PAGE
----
The Enterprise Is Unlikely to Jump on Microsoft's Metro

Microsoft recently released a developer preview of Windows 8, which Steven Sinofsky, president of Microsoft's Windows division, called a "bold re-imagination." For once, corporate hype is accurate; this new version of Windows is dramatically different from Windows 7, Vista and XP. Not that different always means better. Enterprises are going to be especially hard-pressed to see improvements in Windows 8. In fact, they might skip the upgrade entirely.

To understand why, let's take a brief look at the upcoming operating system. Windows 8 introduces an interface, which it calls Metro, that's completely different from anything ever seen in Windows before. (Steven J. Vaughan-Nichols has more to say about Metro.) Based on the Windows Phone 7 tiled interface, Metro is clearly designed for tablets. When you boot Windows 8, you're dropped straight into the Metro interface, which is made up of many large, brightly colored tiles. The tiles can display changing information such as stock prices or social network updates -- whatever you prefer.

The tiles run full-screen, just like tablet or smartphone apps. They lack the usual Windows menus and controls and can't be resized. They're simple to use and clearly designed for consumers.

So where's the familiar Windows desktop? It's just another app. Click the Desktop tile, and you're sent into what looks very much like the familiar Windows 7 desktop, with the usual clickable icons for running apps, a taskbar with thumbnails and so on. There are some changes -- the Start menu has been ditched in favor of a Start button that brings you back to the Metro interface -- but in general, what you'll see there will be very familiar.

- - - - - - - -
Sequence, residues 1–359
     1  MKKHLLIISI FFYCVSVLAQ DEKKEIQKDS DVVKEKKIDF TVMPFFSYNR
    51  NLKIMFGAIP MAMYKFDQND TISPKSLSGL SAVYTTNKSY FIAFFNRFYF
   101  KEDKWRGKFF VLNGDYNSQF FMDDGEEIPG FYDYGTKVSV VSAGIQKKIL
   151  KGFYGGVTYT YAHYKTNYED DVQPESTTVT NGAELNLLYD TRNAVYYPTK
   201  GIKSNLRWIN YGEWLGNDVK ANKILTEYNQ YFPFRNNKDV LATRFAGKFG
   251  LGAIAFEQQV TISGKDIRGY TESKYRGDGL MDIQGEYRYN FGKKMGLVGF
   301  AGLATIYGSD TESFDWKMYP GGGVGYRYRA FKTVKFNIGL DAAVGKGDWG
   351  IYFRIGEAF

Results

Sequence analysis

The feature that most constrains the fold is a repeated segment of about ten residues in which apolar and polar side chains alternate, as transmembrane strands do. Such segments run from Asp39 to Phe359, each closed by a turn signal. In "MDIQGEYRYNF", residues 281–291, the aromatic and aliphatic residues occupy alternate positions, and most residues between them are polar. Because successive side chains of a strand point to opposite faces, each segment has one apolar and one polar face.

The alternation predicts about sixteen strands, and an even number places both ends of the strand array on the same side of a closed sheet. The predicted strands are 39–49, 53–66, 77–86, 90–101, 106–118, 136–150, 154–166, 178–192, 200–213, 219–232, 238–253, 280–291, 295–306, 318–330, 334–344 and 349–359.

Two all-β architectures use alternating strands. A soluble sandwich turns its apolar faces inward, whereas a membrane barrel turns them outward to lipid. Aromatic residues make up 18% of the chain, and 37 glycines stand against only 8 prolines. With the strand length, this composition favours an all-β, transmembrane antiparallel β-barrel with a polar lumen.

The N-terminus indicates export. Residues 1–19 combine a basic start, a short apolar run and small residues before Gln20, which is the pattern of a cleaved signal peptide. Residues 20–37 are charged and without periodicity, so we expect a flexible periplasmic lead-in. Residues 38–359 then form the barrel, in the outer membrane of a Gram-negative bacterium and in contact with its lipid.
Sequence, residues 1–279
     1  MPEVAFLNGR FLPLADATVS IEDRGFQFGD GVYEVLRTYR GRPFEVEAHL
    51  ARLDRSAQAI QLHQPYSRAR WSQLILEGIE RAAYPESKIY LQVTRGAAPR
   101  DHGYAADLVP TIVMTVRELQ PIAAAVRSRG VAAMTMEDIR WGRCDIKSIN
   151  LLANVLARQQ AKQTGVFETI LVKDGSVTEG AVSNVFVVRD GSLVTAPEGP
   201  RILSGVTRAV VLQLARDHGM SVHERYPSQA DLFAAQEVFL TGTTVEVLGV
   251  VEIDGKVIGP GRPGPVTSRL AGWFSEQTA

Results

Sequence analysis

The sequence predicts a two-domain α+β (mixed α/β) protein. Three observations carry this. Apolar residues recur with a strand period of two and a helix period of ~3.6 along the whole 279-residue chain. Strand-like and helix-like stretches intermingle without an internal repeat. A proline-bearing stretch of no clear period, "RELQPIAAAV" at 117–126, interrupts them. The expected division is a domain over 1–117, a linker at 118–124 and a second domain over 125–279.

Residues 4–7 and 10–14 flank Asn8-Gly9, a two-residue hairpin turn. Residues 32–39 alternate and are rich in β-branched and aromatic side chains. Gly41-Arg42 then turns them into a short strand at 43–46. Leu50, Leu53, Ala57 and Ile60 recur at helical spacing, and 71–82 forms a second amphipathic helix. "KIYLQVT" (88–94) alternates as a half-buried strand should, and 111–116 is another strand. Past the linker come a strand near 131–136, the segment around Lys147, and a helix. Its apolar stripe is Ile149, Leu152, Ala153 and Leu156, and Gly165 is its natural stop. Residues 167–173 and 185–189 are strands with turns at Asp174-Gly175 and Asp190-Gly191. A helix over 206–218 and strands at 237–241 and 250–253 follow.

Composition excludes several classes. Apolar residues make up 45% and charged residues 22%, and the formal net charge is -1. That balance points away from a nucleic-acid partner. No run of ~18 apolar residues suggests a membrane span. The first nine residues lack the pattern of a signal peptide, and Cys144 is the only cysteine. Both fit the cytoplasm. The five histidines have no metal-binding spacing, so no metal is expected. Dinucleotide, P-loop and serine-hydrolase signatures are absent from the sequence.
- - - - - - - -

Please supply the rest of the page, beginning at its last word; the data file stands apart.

For enterprises, though, Metro is a problem. Upgrading to Windows 8 could require a significant amount of time to retrain people on how to use their computers. It could mean a lot of reprogramming. It could put a burden on help desk personnel. In short, it could be a migration nightmare.

And to what end? Metro doesn't seem to have any clear benefits for corporations. Michael Cherry, an analyst at Directions on Microsoft, told Computerworld that Microsoft hasn't "made the case yet that enterprises will want this."

One possibility is that Microsoft will allow enterprises or hardware makers to turn off Metro, or at least relegate it to the background and have users boot directly into the old, familiar Windows desktop. But in that case, what would enterprises get out of Windows 8? In the Developer Preview, at least, there's nothing new in the desktop and thus no reason for enterprises to upgrade.

It may well be that Microsoft is purposely ignoring enterprises with the release of Windows 8. Gartner analyst Michael Silver says that "Microsoft has implied that [Windows 8] would not drive an upgrade cycle. After all the work on Windows 7 deployment, organizations [are] looking for a little respite and [are] planning to take a break because of migration fatigue."

If that's the case, then Microsoft took this opportunity to design a consumer-centric operating system that's optimized for tablets -- an area where the company needs to play catch-up -- not for enterprises, where it remains strong and where migration fatigue may have set in.

So don't expect to see Windows 8 on your enterprise desktop. For a new version of Windows, you may have to wait for Windows 9.

Preston Gralla is a contributing editor and the author of more than 35 books, including How the Internet Works (Que, 2006).

Copyright © 2011 IDG Communications, Inc.

It’s time to break the ChatGPT habit
Shop Tech Products at Amazon